The legal profession isn’t known for nurturing, but Kim Simmonds is working to change that, leading by example.
“It’s really important to know it’s OK to feel down now and then and it can help to talk about how you feel if you need too,” says Executive Coach, Louise Otton. “Mental health, like physical health, affects us all, but generally, we do not take care of our mental health like we do our physical health. There has been a stigma around discussing mental health (especially at work) and a fear that talking about mental health will be seen as weakness or failure. In fact, being able to acknowledge when you are feeling challenged, anxious, stressed, overwhelmed, scared etc. is a sign of real strength. Often, the first step to improving your mental health if you’re feeling low is to talk about it with those closest to you first and then seek help if you need to.”
Supporting those around us
But how can we support a friend, family member or colleague who maybe experiencing a mental health issue?
We know that being able to focus on what we can control is so important, but sometimes this is hard when our brains have been hijacked by our amygdala and are creating a state of stress, which impacts our ability to think clearly. However, the process of talking about how you are feeling helps to regain some of that sense of control over what you can do to help yourself.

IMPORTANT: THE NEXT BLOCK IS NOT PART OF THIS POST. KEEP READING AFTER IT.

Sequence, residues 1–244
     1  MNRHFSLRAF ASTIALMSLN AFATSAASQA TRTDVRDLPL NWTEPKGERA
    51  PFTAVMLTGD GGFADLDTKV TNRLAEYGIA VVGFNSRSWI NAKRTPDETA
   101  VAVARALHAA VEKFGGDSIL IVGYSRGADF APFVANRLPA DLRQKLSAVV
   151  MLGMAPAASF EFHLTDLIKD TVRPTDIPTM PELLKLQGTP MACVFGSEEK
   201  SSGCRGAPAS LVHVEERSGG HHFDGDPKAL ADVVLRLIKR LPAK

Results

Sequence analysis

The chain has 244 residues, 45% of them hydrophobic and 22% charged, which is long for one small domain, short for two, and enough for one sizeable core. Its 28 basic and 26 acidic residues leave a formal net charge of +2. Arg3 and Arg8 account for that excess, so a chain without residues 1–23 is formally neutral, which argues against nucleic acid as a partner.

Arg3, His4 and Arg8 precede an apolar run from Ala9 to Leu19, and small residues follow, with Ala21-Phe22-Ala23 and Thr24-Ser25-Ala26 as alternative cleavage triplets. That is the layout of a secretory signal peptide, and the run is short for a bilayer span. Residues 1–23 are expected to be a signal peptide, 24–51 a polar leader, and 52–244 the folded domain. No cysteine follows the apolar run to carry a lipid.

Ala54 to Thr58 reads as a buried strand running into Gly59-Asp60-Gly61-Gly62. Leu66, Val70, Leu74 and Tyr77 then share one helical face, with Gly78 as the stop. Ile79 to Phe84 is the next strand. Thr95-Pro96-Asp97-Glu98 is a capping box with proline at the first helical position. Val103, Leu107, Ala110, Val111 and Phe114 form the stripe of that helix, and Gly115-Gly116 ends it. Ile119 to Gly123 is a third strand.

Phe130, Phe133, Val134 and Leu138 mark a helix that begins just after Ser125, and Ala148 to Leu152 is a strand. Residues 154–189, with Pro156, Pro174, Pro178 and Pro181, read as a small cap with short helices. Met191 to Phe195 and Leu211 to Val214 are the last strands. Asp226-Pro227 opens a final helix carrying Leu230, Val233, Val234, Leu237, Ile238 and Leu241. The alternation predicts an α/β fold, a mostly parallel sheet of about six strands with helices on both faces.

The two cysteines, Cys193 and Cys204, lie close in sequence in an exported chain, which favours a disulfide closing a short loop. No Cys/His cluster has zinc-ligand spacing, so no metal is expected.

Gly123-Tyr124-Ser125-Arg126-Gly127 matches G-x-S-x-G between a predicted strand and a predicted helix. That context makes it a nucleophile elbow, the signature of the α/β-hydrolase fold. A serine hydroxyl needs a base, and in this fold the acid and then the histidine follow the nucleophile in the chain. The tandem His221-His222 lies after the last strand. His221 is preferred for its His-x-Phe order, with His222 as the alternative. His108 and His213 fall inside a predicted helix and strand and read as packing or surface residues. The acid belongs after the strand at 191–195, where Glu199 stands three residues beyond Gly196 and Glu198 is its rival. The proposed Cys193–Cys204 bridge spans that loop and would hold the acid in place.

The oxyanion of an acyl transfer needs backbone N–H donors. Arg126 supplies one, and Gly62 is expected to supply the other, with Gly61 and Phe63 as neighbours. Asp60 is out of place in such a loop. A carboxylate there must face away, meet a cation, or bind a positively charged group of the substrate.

Here are some of practical things that we can all do to feel more positive if you, your team or a loved one is not doing ok.
7 ways to feel better
1. Create a positive environment
How can you make your environment more cheerful and inviting? (Think all things Hygge!). What comforting foods can you enjoy? What exercise can you do that will energise you?
2. Talk about how you feel
Keep these conversations open and regular so that a small issue does not become a bigger unspoken problem.
3. Ask someone, “Are you OK?”
Ask others around you. How are you? Ask again. Are you really ok? Ask regularly and really mean it. Getting others to talk about how they are feeling may help you to open up and talk about how you are feeling.
4. Listen, listen, listen
When you do ask how someone is, try not make this just a passing comment, really stop and listen. What are they saying and more importantly, what are they not saying? Be brave and check in with them if you have a sense that something else is going on. Be kind – Show compassion and empathy. What can you do to provide reassurance and help? Reach out to others, even if they have not asked for help.
5. Do not judge
Remind yourself that you're not alone -- no one is having an easy time, so try not to create false assumptions about someone else’s position.
6. Put your own oxygen mask on first
While it is important to help others it is even more important to look after yourself. You are not there to solve the problem, you can be a listening ear and a voice of calm or reason.
7. Refer on and raise the alarm
If you are concerned about someone’s mental health and fear they may be a danger to themselves or others, then ask for professional help. This maybe a Mental Health First Aider at work, a GP, a close relative, a mental health support line, or the emergency services. We know that early intervention is the key to preventing longer term mental health problems.